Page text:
The horrific crash was the first in a string of P-plate accidents that left another four youngsters in hospital with serious injuries.
Other initiatives to be released today for public consultation include:
Doubling the mandatory period of supervised driving for Learner drivers from 50 hours to 100 hours
Doubling the minimum time spent on L plates to 12 months, and increasing the Provisional Licence age to 18
Improving the Driving Ability Road Test (from Ls to Ps) with a greater focus on hazard perception and safe driving practices
Modifying the demerit point system for Provisional drivers including suspending licences if they exceed their demerit points
A night driving restriction between 10pm and 5am for P1 holders under 26, however exemptions would be available if the driver is heading to and from work, study or for a medical emergency
The Government's discussion paper notes the difficulties in applying and enforcing the curfew, instead, Learner drivers may be required to complete 15 hours of night time supervised driving.
Drivers under 26 make up just 15 per cent of licenced drivers, but are involved in 36 per cent of fatal accidents. On average, a P-plate driver dies in NSW every six days, while another 17 are involved in daily crashes.
Mr Scully yesterday told The Daily Telegraph initiatives will only be introduced if they are "practical, enforceable and broadly supported".
But he said that he was strongly considering limiting novice drivers to one passenger at a time, and restricting young motorists from driving high-powered cars.
Mr Scully yesterday defended the three-month consultation period.
Measures which had the overwhelming support of the community will be implemented "much sooner", he promised.
Still, on current statistics 15 young drivers will be dead and another 1530 involved in crashes by the time public debate ends on February 28.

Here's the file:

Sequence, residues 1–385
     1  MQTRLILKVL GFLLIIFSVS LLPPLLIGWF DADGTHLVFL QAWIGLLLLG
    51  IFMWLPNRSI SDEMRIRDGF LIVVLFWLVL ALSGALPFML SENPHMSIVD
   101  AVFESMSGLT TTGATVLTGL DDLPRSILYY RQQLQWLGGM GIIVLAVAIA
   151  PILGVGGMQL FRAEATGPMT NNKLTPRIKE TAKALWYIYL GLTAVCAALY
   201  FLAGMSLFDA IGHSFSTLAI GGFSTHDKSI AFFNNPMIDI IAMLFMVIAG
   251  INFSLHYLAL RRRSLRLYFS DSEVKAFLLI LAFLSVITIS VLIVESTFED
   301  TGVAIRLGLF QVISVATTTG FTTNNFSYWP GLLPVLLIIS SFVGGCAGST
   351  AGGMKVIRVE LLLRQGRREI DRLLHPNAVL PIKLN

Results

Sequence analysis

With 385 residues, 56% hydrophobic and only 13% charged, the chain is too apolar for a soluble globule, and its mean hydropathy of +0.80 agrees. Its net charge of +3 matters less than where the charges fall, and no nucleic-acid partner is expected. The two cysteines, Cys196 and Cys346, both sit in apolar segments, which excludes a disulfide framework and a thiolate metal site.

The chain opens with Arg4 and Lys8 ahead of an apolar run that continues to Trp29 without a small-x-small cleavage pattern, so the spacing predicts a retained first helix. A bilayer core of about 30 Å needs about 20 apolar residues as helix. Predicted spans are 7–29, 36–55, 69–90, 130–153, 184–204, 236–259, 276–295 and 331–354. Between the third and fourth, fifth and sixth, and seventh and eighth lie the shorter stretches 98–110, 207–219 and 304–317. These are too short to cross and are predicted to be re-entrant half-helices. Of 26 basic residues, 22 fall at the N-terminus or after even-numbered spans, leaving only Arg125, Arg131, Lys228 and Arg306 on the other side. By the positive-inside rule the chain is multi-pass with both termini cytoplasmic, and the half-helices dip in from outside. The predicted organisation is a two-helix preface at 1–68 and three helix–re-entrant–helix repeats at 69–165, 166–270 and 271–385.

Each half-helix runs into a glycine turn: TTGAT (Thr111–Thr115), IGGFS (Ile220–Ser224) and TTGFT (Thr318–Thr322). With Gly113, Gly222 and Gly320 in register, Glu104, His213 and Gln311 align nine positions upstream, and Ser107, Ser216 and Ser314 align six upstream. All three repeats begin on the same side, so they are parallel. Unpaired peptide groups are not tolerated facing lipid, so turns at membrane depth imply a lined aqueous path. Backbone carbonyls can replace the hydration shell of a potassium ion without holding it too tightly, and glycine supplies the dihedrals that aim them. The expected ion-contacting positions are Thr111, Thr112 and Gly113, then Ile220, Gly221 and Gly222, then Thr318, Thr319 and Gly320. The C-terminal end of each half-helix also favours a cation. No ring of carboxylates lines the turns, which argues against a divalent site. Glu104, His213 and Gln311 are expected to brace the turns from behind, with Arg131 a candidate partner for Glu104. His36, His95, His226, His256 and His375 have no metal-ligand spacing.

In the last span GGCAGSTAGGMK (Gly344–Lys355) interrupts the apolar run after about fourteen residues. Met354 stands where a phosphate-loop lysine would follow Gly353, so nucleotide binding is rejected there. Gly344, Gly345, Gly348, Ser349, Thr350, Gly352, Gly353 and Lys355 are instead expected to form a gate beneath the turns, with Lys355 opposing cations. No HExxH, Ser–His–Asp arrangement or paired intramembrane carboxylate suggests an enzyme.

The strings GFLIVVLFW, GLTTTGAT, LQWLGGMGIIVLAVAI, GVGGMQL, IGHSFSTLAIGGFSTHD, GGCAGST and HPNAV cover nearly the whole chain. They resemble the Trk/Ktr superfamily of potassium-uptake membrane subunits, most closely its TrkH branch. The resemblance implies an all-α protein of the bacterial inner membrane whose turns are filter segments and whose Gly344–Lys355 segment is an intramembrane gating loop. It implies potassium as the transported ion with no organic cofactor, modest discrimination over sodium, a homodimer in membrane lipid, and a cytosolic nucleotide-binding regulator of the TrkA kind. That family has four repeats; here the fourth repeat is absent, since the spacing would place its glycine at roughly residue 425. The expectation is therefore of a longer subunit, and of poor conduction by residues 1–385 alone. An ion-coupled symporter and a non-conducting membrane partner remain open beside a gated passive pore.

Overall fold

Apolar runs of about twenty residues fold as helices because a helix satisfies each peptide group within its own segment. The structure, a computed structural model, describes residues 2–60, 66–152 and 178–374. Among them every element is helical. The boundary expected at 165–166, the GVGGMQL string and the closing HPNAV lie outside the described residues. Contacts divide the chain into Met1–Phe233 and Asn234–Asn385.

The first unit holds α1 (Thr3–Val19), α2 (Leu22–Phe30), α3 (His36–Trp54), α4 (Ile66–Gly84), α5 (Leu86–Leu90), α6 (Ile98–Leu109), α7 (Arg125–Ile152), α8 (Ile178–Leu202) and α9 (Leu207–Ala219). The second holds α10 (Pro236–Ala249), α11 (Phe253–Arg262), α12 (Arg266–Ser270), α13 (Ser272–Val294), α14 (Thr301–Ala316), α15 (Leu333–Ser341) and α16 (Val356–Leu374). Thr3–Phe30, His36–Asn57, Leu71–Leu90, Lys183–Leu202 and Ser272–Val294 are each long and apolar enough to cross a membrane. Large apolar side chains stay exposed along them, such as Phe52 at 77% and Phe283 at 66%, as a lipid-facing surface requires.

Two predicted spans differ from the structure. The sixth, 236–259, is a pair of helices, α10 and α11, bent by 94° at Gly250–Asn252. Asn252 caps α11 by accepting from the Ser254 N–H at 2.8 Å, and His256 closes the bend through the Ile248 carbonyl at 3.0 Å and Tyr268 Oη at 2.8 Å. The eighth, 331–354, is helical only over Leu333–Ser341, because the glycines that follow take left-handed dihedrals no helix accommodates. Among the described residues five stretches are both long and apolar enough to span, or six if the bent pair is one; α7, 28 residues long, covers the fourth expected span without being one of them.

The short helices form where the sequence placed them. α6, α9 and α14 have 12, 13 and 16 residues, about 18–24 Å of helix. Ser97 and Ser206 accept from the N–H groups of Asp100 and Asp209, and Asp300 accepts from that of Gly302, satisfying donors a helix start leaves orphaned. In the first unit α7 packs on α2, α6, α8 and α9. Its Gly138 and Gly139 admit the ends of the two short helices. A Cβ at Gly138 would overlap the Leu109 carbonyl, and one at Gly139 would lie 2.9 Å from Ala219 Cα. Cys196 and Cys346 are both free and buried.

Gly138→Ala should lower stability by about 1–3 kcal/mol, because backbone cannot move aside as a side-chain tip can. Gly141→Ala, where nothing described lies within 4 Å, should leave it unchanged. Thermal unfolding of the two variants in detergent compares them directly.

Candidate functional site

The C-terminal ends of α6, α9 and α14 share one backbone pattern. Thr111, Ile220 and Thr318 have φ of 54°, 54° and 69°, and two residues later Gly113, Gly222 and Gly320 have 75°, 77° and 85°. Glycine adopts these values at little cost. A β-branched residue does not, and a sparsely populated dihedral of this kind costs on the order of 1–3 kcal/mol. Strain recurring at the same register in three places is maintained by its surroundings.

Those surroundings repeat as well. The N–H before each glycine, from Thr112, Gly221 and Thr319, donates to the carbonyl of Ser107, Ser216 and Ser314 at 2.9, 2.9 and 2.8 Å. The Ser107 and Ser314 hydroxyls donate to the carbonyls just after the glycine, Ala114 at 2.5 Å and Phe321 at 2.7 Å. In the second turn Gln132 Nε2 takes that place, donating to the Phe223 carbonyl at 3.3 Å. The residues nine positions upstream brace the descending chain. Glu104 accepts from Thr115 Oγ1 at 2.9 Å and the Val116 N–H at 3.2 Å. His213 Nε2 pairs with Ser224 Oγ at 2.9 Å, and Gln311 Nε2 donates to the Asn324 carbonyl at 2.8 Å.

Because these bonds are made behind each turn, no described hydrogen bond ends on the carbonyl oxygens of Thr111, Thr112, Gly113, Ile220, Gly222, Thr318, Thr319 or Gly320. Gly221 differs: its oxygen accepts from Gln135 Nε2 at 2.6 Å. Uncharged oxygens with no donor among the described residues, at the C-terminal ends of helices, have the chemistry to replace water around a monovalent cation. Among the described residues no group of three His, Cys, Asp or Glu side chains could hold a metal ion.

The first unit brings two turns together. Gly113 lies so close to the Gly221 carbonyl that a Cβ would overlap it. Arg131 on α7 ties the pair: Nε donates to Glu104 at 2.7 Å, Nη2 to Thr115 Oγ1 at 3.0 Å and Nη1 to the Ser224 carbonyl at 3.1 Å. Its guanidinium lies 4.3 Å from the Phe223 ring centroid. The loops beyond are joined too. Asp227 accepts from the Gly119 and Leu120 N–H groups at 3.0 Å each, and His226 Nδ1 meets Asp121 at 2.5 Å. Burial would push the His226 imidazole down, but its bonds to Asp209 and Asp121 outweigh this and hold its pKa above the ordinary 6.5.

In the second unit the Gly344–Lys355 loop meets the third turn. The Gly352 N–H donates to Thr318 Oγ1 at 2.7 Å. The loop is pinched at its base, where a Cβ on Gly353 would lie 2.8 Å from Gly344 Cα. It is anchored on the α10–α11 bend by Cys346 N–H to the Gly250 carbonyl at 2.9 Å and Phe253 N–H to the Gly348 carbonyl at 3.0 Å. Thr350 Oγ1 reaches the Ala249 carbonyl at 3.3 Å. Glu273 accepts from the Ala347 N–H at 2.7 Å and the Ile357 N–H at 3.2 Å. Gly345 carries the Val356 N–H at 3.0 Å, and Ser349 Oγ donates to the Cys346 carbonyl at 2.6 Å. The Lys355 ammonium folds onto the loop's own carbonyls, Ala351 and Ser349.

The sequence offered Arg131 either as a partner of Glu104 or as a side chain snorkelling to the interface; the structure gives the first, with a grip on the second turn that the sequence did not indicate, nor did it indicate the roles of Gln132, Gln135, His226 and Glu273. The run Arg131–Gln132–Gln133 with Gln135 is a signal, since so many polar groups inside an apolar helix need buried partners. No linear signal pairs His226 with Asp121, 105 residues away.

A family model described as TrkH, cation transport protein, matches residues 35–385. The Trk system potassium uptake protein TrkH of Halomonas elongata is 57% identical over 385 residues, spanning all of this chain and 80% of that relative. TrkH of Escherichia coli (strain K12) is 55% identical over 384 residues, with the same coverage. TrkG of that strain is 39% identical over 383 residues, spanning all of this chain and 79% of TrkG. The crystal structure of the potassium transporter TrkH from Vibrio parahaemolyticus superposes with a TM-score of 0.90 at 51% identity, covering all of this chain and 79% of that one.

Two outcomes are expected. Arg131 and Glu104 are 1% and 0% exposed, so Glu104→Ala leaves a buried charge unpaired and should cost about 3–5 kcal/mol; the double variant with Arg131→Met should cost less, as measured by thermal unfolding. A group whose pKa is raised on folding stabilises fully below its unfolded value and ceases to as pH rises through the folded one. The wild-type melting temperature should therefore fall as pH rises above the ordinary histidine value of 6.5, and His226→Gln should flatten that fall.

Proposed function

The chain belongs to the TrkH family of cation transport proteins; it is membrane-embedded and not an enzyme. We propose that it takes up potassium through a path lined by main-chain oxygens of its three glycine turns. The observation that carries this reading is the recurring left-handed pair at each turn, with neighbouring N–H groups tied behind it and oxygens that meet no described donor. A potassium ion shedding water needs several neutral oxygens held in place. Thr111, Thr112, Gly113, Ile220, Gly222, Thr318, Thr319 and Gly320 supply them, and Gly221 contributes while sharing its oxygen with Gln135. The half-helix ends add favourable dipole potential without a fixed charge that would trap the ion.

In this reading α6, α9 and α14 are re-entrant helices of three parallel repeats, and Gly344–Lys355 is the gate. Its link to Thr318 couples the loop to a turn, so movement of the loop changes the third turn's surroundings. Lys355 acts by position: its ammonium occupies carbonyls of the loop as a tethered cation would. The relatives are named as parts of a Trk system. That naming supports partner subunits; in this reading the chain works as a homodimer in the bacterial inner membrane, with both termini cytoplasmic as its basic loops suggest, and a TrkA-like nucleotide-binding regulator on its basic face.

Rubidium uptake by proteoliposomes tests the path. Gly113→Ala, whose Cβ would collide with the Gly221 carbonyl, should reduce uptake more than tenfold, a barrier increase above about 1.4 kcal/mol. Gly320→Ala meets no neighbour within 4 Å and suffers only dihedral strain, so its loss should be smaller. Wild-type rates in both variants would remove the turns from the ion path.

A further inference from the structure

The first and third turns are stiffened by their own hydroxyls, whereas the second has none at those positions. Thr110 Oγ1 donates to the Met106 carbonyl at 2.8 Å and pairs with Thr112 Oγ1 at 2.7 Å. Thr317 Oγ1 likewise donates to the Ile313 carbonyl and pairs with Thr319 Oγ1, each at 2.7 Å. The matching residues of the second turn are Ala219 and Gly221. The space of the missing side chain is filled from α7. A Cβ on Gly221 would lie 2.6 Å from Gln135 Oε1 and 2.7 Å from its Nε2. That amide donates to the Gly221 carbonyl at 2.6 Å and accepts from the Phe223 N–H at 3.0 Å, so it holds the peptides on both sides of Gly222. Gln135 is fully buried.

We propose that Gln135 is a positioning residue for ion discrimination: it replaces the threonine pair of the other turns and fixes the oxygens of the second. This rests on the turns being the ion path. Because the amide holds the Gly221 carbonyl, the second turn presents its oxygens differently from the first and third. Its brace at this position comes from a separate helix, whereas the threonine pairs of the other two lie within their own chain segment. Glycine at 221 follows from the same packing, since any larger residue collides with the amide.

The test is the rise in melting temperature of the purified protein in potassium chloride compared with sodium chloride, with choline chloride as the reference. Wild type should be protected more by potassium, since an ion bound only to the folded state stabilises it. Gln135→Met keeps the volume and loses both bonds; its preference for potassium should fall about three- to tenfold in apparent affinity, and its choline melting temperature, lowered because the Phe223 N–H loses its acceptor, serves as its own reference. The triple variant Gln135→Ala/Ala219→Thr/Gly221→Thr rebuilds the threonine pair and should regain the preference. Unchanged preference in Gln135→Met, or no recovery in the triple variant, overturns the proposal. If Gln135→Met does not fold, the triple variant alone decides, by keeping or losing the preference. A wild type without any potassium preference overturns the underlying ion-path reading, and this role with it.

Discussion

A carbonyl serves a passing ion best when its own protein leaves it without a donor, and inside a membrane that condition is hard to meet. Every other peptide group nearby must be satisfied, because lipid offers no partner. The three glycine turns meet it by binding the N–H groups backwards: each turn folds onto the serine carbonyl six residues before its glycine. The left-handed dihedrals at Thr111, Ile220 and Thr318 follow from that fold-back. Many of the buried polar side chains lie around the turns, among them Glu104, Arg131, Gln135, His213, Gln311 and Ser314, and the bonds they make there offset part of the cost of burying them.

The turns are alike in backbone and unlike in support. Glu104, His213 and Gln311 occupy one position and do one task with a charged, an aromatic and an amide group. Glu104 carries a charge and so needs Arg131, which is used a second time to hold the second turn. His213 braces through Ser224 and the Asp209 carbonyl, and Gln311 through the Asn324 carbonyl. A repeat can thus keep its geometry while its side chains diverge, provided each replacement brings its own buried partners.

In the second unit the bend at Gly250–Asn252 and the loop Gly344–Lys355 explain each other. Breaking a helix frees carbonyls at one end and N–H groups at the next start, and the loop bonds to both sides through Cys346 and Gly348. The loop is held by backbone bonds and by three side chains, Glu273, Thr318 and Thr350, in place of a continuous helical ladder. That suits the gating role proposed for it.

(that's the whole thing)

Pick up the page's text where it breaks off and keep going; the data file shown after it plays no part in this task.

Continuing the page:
Mr Scully said the closing date was set at the request of the Commissioner for Young Children and People who wanted to ensure young people had enough time to express their views.
"I want young people to have some ownership of the changes that we ultimately make because I believe that will ensure better observance," Mr Scully said.
Greg Langham, whose 15-year-old daughter Erin was killed in a horrific multiple-fatality crash two years ago, yesterday accused the State Government of "moving too slowly"
"While everyone is talking about what they're going to do, our kids are dying every day," Mr Langham, of Buxton, south of Sydney said.
He said driver education is the most-important initiative that the Government should introduce.
"Schools teach our students sex education in Year 7. They should be teaching them something that may one day save their life."
Mr Langham said his family will live with the loss of Erin for the rest of their lives, and they did not want other families to suffer the same loss.
"It seems every time we pick up the paper there's something in there about a young driver or person killed in a crash. I know what it is like to lose a child, there is no way we'd wish it on anyone."
He said the State Government should consider subsidising the cost of professional driving lessons for novice drivers.